Rear End Collision. The operator of a vehicle subject to the Safe Driver Insurance Plan shall be presumed to be more than 50% at fault when operating a vehicle which is in collision with the rear section of another vehicle.
Massachusetts Standards of Fault, 711 CMR 74.01 (03)
Will Computers Reduce Rear End Accidents?
Insurance companies and others place great faith in autonomous car technology. Computers, theoretically anyhow, never look away or become distracted and can apply the brakes when sudden dangers appear in front of the car. One government study concluded:
A collision warning system, particularly when paired with active braking, such as dynamic brake support and autonomous emergency braking, could significantly reduce the frequency and severity of rear-end crashes.
The Use of Forward Collision Avoidance Systems to Prevent and Mitigate Rear-End Crashes, NHTSA, May 19, 2015
After Rear End Accidents
If a rear end collision happens, secure your vehicle and make sure it and your passengers are safe. Call for help. Always take pictures of the vehicles, their license plates and the general scene. Scene photos should show skid marks or the area where they would have been had the other driver used the brakes.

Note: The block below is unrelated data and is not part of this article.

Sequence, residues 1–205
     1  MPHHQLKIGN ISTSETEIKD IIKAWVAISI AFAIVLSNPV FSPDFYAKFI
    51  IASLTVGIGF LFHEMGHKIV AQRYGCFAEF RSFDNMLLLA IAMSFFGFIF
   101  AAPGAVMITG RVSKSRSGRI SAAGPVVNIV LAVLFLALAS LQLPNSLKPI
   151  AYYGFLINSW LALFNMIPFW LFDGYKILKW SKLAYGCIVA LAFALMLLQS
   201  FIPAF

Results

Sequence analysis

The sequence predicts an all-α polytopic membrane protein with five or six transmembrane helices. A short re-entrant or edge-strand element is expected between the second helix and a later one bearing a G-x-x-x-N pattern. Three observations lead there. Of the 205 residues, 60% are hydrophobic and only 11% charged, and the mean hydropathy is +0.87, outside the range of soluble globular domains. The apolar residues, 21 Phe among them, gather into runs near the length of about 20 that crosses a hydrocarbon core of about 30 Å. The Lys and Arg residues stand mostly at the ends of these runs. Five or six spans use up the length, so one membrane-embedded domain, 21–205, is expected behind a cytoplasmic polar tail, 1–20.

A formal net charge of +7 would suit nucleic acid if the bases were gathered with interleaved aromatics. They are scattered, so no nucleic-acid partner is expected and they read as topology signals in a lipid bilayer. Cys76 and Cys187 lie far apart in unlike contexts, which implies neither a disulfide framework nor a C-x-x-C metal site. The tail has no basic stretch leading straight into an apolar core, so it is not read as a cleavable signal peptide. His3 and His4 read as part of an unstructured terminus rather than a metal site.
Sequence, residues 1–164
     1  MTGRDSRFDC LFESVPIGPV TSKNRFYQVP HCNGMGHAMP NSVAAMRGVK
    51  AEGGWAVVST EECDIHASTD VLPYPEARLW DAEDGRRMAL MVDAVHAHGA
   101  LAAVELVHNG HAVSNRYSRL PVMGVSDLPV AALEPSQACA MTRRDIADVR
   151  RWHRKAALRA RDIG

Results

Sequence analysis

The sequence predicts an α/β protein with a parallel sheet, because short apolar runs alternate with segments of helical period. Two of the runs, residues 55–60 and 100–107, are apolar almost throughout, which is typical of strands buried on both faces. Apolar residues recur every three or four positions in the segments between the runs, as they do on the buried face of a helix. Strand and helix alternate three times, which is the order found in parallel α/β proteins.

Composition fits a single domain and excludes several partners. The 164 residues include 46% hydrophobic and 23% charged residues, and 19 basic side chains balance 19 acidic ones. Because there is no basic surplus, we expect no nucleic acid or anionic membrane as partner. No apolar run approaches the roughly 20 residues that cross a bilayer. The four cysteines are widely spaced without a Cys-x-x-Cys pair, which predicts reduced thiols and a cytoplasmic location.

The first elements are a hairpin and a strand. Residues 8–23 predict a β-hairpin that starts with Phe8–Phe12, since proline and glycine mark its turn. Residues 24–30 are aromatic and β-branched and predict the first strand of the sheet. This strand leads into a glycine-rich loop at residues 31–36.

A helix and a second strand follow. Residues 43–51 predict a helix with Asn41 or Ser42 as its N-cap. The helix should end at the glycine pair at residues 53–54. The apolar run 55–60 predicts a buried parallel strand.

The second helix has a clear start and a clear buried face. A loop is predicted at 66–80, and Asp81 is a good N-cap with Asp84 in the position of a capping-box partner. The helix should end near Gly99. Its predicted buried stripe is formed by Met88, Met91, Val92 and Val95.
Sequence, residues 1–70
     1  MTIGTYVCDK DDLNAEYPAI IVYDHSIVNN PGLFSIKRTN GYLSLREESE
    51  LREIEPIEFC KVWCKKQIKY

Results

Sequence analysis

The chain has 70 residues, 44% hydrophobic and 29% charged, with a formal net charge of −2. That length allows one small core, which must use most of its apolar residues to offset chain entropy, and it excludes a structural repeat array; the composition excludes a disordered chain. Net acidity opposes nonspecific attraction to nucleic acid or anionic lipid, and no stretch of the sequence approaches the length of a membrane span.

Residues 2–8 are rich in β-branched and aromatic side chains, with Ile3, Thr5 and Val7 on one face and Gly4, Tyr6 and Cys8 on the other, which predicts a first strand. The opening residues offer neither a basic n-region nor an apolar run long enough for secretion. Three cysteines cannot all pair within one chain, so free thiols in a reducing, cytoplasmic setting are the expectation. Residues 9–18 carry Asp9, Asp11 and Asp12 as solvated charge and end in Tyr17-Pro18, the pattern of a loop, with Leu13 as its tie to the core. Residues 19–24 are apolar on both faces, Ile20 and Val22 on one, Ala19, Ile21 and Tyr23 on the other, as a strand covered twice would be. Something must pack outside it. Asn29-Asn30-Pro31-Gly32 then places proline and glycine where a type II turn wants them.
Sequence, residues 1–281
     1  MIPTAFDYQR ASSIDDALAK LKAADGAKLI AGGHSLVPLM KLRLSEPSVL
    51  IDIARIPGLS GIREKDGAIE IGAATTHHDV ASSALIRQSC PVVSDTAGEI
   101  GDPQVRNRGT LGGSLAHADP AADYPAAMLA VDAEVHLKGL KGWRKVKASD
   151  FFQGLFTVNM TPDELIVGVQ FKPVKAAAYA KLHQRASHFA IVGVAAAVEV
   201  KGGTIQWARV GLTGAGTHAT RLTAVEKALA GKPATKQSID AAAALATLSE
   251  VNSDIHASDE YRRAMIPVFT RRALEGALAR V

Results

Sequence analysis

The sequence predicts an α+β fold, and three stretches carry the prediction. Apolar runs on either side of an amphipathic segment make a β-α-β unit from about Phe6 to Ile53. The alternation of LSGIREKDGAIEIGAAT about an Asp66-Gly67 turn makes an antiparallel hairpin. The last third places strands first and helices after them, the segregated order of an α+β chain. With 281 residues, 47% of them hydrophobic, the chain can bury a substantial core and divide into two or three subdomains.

Serious injuries are obvious. But quite often, at the scene of the accident it is impossible to fully determine long term medical effects of the impact caused by the accident.
Car accidents are not fun. Getting full fair compensation presents more complications than it should. Insurance companies more interested in saving the company money while undercutting your claim will have excuses for failing to fully document personal damages.
Consider consulting my office, which has represented clients injured in accidents of all types for over 20 years.
Auto Crashes, Insurance Information Institute, February, 2017
Massachusetts Rules of the Road, 720 CMR 9.06
New Hampshire Rules of the Road, RSA 265
The Use of Forward Collision Avoidance Systems to Prevent and Mitigate Rear-End Crashes, Special Investigation Report, NTSB, May 19, 2015.